Pashupatinath – centre of the ganja festival!

by Annalise on February 11, 2010

OK, so let me be clear, there is much more that goes on at Pushupatinath than just the annual celebration of ‘Shivaratri’ – aka ‘the ganja festival’. Shivaratri is the one day of the year when marajuana is legal in Nepal to celebrate the day of Lord Shiva. We’re told that this festival will attract hundreds of wandering Hindu holy men from all over Nepal and India to Pashupatinath. These are the guys with brightly painted foreheads, usually orange or bright yellow robes and often dreadlocks knotted atop their heads. The festival occurs this coming Friday so we’re most curious to observe this…. from a distance and maybe upwind.

Pashupatinath is a temple devoted to the Hindu worship of Shiva, the Hindu god of creation and destruction. The greatest impression made though on the destruction side of things. Pashupatinath is the main site for Hindu funeral cremations which are done along the banks of the holy (and sadly, very stinky) Bagmati River. We visited Pashupatinath with Gayatri, our Nepali instructor on the same day we went to Boudhanath. So we went from tranquil, quiet peaceful chanting of the Tibetan Buddhists as they circumnavigated their main stupa to the eerie and gothic feeling Pushupatinath. Not a combination I’d suggest for one afternoon but there we were.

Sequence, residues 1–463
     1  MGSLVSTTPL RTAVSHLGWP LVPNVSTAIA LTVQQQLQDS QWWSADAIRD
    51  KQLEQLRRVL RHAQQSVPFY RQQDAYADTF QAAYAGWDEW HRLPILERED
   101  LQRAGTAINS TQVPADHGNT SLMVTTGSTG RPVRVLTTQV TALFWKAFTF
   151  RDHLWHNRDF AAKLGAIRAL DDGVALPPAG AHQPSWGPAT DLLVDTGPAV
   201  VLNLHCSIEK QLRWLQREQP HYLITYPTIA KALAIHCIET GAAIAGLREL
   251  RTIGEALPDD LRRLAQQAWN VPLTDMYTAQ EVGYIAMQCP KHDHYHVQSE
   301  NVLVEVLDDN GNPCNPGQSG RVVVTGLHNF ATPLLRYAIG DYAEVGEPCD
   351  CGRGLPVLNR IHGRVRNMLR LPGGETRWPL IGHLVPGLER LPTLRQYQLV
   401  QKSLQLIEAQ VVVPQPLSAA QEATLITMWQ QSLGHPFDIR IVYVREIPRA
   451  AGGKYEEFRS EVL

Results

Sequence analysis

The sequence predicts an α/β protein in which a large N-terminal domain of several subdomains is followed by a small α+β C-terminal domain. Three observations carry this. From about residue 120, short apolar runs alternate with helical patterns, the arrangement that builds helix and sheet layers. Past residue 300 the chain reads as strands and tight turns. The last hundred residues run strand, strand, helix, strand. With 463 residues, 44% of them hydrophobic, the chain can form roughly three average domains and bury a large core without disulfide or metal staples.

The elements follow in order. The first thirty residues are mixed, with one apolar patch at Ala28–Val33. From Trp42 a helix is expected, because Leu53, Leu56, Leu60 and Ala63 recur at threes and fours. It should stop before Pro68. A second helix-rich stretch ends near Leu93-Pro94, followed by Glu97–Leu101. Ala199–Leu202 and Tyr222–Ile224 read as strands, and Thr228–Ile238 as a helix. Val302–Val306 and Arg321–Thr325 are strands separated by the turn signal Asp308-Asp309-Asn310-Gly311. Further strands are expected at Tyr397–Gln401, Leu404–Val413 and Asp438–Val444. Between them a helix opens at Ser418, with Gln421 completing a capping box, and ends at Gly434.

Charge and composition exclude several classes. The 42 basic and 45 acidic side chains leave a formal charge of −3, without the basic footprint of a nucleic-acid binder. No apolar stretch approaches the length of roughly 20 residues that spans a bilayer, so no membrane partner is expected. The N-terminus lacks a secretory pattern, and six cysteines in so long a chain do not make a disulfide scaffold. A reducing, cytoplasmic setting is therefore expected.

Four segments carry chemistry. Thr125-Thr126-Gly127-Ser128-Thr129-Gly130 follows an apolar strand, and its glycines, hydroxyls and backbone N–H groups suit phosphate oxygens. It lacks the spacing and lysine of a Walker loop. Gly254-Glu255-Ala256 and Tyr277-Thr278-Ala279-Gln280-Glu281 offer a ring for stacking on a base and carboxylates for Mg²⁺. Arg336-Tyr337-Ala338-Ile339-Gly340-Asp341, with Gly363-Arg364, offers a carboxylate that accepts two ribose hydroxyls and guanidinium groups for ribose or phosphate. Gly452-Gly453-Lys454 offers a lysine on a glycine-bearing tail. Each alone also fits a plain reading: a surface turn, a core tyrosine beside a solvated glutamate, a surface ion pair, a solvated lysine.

As you enter, there are several lesser temples on this large site. Westerners are not allowed into some areas and so you can only catch a glimpse of the backside of the huge golden bull statue which is over 300 years old. As you continue on into the main grounds, you need to be prepared for the next site. On the day we visited, as occurs every day, there were funerals taking place. In each of the over 6 pyres, there was families there for the cremation of their loved one lost as a part of the funeral ceremony. I was actually trying not to look too closely although a certain morbid curiosity does cause one to glance, but mostly you see the heavy smoke coming off of the blanket covered form on top of the pyre of wood and kindling. For the family, a most graphic ending to the life form of their loved one.

Strangely, there is also a deer park and as with all the temples, hundreds of resident monkeys jockeying for scraps and toys. Certainly this is a culture that embraces all of life, including the end of it, celebrating each stage at one of the many Hindu temples in the city. What feels like a very strange combination for our western eyes is just another norm in this crowded and intense place. And in any case, Friday’s celebration of Shivaratri, with its chemical influence, should add a whole new twist to the place! I imagine a lot happier that day and perhaps hungrier… just guessing.

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